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[deleted] t1_jaz5pdv wrote



alphahydra t1_jazo158 wrote

China was one of the driving forces behind brokering this deal.

They may not give a fuck about other countries' sovereign waters, but they do care about their own interests. As a country that consumes vast amounts of fish, they're actually more exposed to loss of ocean biodiversity than a lot of other nations, and the CCP is aware of it. They can't send out factory ships to steal fish from other waters if there aren't any fish.

The agreement is (in part) about where fishing can be done, and they'll be hoping that the 30% of protected ocean (including protecting spawning sites or whatever) will be enough to feed the remainder with fish so they can carry on much as they have been outside those areas.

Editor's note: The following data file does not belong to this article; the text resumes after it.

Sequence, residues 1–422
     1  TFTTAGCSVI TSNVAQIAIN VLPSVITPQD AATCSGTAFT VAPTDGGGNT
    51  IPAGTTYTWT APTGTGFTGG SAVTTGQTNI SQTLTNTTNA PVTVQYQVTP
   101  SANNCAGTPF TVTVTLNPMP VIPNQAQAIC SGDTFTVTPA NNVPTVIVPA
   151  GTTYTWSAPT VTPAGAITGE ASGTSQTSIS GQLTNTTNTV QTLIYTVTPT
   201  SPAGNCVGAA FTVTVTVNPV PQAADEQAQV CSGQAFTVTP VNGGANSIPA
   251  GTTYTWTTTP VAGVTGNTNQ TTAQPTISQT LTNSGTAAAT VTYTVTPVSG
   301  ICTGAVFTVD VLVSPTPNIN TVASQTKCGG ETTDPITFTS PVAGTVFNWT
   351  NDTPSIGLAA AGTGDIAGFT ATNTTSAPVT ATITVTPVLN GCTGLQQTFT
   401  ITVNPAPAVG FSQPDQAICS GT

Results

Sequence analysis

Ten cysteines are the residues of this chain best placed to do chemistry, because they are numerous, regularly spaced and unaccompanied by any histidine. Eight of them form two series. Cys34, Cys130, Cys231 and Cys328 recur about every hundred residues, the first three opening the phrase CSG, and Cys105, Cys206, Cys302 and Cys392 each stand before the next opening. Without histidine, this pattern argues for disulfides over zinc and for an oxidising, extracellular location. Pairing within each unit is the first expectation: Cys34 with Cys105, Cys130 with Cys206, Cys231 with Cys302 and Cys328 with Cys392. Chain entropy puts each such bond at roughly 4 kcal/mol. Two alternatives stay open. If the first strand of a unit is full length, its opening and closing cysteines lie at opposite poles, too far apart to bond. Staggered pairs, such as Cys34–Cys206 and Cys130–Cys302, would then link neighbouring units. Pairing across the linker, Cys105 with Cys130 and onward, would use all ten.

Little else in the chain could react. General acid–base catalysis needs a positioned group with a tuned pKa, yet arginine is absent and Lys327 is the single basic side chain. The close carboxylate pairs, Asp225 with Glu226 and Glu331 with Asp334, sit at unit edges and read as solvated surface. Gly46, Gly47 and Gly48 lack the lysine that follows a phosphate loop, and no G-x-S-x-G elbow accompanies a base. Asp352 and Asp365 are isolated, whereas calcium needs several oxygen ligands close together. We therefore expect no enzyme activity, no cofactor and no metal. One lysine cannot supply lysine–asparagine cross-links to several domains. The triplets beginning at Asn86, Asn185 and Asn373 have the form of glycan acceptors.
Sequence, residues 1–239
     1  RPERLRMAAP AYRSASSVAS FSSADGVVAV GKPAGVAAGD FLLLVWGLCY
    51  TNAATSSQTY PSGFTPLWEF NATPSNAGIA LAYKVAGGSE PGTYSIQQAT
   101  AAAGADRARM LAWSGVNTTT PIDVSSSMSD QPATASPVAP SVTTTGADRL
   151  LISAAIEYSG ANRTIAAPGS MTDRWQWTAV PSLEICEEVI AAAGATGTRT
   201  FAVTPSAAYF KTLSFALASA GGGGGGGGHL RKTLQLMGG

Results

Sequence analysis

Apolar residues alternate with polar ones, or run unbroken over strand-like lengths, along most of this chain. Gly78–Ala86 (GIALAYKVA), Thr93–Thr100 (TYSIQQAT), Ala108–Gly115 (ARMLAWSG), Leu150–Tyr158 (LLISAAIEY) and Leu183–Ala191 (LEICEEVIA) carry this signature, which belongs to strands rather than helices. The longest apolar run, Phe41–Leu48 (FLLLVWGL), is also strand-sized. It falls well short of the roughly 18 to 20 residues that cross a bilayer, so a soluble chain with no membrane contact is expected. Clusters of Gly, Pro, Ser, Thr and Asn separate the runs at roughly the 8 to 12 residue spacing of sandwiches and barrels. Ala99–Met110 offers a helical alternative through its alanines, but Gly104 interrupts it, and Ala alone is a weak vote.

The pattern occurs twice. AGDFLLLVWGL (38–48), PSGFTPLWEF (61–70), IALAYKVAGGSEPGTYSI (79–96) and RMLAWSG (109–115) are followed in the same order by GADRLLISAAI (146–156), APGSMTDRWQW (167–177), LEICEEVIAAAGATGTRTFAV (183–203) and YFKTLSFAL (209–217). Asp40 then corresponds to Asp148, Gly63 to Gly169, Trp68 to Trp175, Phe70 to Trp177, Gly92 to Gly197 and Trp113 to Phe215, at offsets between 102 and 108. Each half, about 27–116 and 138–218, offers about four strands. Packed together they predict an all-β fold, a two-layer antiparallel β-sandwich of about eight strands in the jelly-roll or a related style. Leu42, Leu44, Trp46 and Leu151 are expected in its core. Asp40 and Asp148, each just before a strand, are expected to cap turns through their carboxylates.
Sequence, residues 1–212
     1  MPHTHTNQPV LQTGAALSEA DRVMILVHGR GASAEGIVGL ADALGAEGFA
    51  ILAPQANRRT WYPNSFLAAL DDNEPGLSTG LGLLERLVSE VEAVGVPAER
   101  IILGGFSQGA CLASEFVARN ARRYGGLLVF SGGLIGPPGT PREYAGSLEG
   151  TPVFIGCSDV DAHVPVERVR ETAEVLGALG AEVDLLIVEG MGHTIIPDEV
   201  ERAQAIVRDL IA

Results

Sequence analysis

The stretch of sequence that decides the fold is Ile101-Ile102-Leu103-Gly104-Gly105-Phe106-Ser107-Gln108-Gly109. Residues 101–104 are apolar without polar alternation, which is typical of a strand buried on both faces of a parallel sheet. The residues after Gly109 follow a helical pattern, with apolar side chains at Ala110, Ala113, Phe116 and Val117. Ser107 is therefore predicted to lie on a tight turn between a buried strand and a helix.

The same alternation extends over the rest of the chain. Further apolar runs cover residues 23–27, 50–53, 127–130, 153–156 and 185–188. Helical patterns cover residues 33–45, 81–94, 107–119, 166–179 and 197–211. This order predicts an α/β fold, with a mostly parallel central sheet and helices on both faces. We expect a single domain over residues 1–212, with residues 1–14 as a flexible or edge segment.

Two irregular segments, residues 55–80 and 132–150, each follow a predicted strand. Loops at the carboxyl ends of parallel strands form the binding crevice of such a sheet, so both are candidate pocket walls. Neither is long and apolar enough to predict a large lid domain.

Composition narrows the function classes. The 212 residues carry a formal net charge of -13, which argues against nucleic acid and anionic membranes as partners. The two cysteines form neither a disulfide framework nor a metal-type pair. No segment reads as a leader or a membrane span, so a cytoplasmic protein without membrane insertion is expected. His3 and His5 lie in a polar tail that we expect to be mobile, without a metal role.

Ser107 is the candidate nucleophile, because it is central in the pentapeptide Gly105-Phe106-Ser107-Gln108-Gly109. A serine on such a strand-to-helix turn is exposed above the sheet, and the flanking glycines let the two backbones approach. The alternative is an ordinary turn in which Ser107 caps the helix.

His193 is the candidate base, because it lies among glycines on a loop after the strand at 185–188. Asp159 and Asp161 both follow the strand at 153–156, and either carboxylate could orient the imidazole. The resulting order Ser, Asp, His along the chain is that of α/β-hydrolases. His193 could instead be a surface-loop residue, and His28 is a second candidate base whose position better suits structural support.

Also, don't assume that in the final implementation, China will be allowing any of those protected areas close to its waters.


dc456 t1_jazv9v8 wrote

> Also, don’t assume that in the final implementation, China will be allowing any of those protected areas close to its waters.

They will if they want more fish. When these areas have been implemented elsewhere, the unprotected areas immediately surrounding the protected ones saw a large increase in the amount of fish, as they spilled over from the protected areas.


De3NA t1_jb16r0p wrote

Kinda smart imo. Fishing outside spawn points.


morningreis t1_jb06d83 wrote

Them being a driver of it doesn't mean they will abide by it. They have made agreements in the past only to break it after the other party upholds their part and withdraws.

I would expect them to continue to overfish in these areas, knowing that every other nation won't be. They view the whole world as their own, and care very little for the environment, so this would be very on brand for China.


alphahydra t1_jb07rbp wrote

Right, it would be naïve to blindly assume China is going to do the right thing, but it's also cartoonish to assume China is completely ungenuine about their environmental goals.

I don't think their motives are pure and altruistic, but I think they are at least somewhat serious about environmental reform.